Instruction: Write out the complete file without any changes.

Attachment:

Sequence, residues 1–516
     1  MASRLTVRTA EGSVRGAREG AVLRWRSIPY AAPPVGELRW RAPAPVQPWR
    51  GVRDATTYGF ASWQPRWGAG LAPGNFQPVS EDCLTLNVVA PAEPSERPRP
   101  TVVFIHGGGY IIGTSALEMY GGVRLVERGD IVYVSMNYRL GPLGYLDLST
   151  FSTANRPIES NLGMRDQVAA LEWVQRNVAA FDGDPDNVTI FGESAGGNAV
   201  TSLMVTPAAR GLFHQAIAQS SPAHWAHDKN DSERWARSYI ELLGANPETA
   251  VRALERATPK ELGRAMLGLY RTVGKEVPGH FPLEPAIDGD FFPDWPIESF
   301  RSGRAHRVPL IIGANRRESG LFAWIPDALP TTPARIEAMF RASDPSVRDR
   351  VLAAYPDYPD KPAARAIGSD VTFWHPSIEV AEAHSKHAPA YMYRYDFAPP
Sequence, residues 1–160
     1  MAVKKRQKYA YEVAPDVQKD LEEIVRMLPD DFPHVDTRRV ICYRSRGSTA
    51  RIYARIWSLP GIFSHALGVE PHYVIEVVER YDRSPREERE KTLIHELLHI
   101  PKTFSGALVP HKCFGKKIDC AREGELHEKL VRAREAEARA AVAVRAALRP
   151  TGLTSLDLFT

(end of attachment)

Sequence, residues 1–516
     1  MASRLTVRTA EGSVRGAREG AVLRWRSIPY AAPPVGELRW RAPAPVQPWR
    51  GVRDATTYGF ASWQPRWGAG LAPGNFQPVS EDCLTLNVVA PAEPSERPRP
   101  TVVFIHGGGY IIGTSALEMY GGVRLVERGD IVYVSMNYRL GPLGYLDLST
   151  FSTANRPIES NLGMRDQVAA LEWVQRNVAA FDGDPDNVTI FGESAGGNAV
   201  TSLMVTPAAR GLFHQAIAQS SPAHWAHDKN DSERWARSYI ELLGANPETA
   251  VRALERATPK ELGRAMLGLY RTVGKEVPGH FPLEPAIDGD FFPDWPIESF
   301  RSGRAHRVPL IIGANRRESG LFAWIPDALP TTPARIEAMF RASDPSVRDR
   351  VLAAYPDYPD KPAARAIGSD VTFWHPSIEV AEAHSKHAPA YMYRYDFAPP
Sequence, residues 1–160
     1  MAVKKRQKYA YEVAPDVQKD LEEIVRMLPD DFPHVDTRRV ICYRSRGSTA
    51  RIYARIWSLP GIFSHALGVE PHYVIEVVER YDRSPREERE KTLIHELLHI
   101  PKTFSGALVP HKCFGKKIDC AREGELHEKL VRAREAEARA AVAVRAALRP
   151  TGLTSLDLFT